Ghosts and Pantos at the RPI
In the 1860s the Royal Polytechnic Institution was at the height of its popular fame, thanks to its lavish Christmas productions. The 1861 programme established the pattern for family entertainment with the building decorated with ‘holly, Christmas and exotic plants’. A giant Christmas tree in the 309 Regent Street entrance hall was a focal point for a ‘gratuitous distribution of thousands of beautiful ornaments, toys, pocket knives, scissors, cannons etc., among juvenile visitors’.
The Christmas programme was made up of a variety of events taking place throughout the building, which were repeated during the two daily openings from 12 noon until 5pm, and then from 7 until 10 in the evening. Visitors could choose between ‘promenading’ to music around the picture galleries and the exhibits in the Great Hall, descending in the diving bell, taking refreshments, or attending lectures on natural science accompanied by the Polytechnic’s famous ‘dissolving views’ magic lantern shows. Most of these items were short, lasting about thirty minutes; the pantomime was (unusually) allocated an hour on the programme.
The first Polytechnic optical pantomime opened on Boxing Day in 1861 with a staging of Harlequin and Mother Goose. Its success was followed in later years by other traditional favourites, including Cinderella, Aladdin and Beauty and the Beast. The pantomime usually ran until Lent.
On Christmas Eve 1862, Professor John Henry Pepper, director of the Royal Polytechnic Institution, introduced what was to become his best known invention, the ‘phantasmagoria’. Pepper had obtained permission to use Charles Dickens’ tale, The Haunted Man, and added optics and visual illusions to explore the psychological demons of Dickens’ chemistry teacher. The Times reported: ‘We really do not think we say a word too much in praise when we call this “strange lecture” one of the most curious displays in London. The spectres and illusions are thrown upon the stage
in such a perfect embodiment of real substance that it is not till the haunted man walks through their apparently solid forms that the audience can believe in their being optical illusions at all’.
This clever illusion was achieved by concealing an illuminated figure beneath the stage who was reflected onto a transparent plate-glass sheet to appear in spectral form on the stage. The appearance and disappearance of the ghost was controlled by the strength of the hidden light source. Success depended on the plate-glass being invisible to the audience and also on careful rehearsal, because the other actors could not see the ghost on the stage. At the first performance the ghost took the form of a skeleton, held under the stage by a man concealed in black velvet. As the stage staff developed their skills in presenting the illusion, so the ghost was seen to move around and even to drink a glass of water.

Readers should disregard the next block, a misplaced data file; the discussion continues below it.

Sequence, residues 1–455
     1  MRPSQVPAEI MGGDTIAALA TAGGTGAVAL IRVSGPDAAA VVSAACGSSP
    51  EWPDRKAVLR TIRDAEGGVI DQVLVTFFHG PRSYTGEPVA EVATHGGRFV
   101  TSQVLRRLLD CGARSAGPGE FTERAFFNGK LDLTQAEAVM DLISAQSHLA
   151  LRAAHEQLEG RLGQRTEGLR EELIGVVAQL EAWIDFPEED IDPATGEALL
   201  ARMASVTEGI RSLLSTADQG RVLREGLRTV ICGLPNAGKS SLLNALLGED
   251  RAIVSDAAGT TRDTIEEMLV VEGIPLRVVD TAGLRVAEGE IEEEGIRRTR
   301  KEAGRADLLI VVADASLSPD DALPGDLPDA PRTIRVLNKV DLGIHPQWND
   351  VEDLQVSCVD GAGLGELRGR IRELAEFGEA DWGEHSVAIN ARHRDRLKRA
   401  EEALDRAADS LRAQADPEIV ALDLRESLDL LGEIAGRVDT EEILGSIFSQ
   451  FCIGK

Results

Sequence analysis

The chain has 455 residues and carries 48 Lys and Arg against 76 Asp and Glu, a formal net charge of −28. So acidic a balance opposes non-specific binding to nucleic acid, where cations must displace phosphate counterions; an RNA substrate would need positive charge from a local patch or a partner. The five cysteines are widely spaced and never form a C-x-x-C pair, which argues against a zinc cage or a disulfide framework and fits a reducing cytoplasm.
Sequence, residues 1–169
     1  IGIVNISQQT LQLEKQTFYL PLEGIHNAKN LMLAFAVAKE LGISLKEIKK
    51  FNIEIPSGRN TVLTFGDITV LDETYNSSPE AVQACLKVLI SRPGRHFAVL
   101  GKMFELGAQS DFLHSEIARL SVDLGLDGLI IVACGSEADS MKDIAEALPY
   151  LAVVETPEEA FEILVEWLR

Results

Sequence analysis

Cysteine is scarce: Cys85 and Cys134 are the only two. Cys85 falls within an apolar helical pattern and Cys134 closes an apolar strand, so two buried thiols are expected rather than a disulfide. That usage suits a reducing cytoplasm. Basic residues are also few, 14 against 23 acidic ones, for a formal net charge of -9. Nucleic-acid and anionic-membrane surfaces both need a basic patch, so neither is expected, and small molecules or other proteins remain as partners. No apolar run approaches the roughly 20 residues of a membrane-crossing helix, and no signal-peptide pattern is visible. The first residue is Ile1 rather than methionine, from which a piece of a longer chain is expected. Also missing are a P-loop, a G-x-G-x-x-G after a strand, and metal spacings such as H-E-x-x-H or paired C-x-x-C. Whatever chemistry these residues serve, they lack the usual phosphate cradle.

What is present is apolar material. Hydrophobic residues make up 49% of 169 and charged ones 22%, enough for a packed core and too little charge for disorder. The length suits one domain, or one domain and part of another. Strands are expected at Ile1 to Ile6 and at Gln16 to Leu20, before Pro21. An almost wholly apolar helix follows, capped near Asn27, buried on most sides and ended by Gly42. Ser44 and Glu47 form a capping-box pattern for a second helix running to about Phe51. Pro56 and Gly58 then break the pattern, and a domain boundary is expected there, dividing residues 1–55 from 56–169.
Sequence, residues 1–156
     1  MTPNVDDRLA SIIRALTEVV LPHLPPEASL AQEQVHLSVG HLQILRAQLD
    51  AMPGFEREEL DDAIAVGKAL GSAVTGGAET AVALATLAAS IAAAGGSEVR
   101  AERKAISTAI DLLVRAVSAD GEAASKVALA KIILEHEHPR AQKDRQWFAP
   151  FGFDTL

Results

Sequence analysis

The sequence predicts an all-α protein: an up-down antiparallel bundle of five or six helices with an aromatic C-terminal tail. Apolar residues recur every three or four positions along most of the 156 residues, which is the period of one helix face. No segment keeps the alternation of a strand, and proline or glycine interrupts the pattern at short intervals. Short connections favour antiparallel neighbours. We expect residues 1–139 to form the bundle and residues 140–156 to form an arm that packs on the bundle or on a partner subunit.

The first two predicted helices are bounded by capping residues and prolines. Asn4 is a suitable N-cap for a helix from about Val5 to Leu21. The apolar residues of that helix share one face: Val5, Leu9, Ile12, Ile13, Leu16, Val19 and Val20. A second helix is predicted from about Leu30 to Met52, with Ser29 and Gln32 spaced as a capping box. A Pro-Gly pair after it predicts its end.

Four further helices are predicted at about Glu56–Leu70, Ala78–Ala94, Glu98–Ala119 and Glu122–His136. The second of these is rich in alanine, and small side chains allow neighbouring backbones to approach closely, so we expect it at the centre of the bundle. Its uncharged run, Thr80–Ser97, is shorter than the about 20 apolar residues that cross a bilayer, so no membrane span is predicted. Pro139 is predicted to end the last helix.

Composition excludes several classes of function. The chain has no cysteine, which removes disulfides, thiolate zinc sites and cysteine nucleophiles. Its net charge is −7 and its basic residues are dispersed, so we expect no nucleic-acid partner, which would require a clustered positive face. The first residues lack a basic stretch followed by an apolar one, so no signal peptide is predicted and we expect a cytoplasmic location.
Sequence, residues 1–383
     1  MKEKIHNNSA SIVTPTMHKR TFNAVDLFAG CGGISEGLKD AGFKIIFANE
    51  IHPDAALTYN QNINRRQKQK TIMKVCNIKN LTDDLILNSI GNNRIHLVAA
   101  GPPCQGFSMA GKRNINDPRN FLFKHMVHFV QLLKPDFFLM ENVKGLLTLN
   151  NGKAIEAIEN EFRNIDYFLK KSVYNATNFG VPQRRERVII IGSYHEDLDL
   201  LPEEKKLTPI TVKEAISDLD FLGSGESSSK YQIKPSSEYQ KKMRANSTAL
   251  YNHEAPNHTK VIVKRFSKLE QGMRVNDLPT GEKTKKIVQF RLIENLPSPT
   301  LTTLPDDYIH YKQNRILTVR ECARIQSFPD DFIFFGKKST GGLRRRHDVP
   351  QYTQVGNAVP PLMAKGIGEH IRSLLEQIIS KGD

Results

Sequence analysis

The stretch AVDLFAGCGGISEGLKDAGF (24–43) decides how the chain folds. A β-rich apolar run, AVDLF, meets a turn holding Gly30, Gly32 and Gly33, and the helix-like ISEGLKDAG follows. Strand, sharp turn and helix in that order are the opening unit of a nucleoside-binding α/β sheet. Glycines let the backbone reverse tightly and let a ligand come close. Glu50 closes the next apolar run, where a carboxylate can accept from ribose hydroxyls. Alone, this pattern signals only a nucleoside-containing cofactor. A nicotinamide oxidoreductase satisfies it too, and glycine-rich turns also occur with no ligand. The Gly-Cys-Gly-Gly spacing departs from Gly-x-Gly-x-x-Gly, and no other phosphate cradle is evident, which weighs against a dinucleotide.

The ghost was an instant success, transferring to the Polytechnic’s large theatre and continuing to be performed throughout the whole of 1863. Even the Prince of Wales (future King Edward VII) brought his new bride (later Queen Alexandra) to see the illusion.
The Christmas programme for 1866 was billed as the strongest ever presented. Pepper’s continued experiments led to the appearance of a truly macabre illusion called ‘the decapitated head speaking’. An engraving on the front page of the Penny Illustrated Paper showed the scene that greeted the audience as the curtain rose, revealing the severed head of a recently-executed criminal. Its reporter described what happened next: ‘To the right is the alchemist, gorgeously attired, who performs certain incantations, at the end of which the head becomes brilliantly illuminated by a light from above, slowly opens its eyes and lips, and, in a state of semi-animation, confesses that it was alone in its guilt. This satisfactory result obtained, the curtain falls’.
The full Christmas programme included a dramatic reading of Dickens’ A Christmas Carol, during which a succession of ghosts silently walked the stage, and the pantomime Dick Whittington, in which Dick was recalled to be lord mayor of London, ‘not only by the touching appeal of Bow bells, but also by airy figures produced by “the ghost illusion apparatus”’.
Some historians have dismissed the ghost as ‘an illusionist novelty that exactly suited popular taste in those years of cheap sensations’.2 But this view has been challenged by historians of science who do not regard Pepper’s illusions as mere stage magic, but value them as an integral part of his major contribution to the popularisation of science. By blurring the lines between experiment and performance, between laboratory and theatre, Pepper made the phenomena of physics and chemistry both visible and accessible to the general public.
And Pepper’s Ghost continues to live on, its technique re-imagined for the 21st century to create the appearance of Tupac Shakur onstage with Dr. Dre and Snoop Dogg at Coachella in 2012, and Michael Jackson at the 2014 Billboard Music Awards.
University Records and Archives, December 2019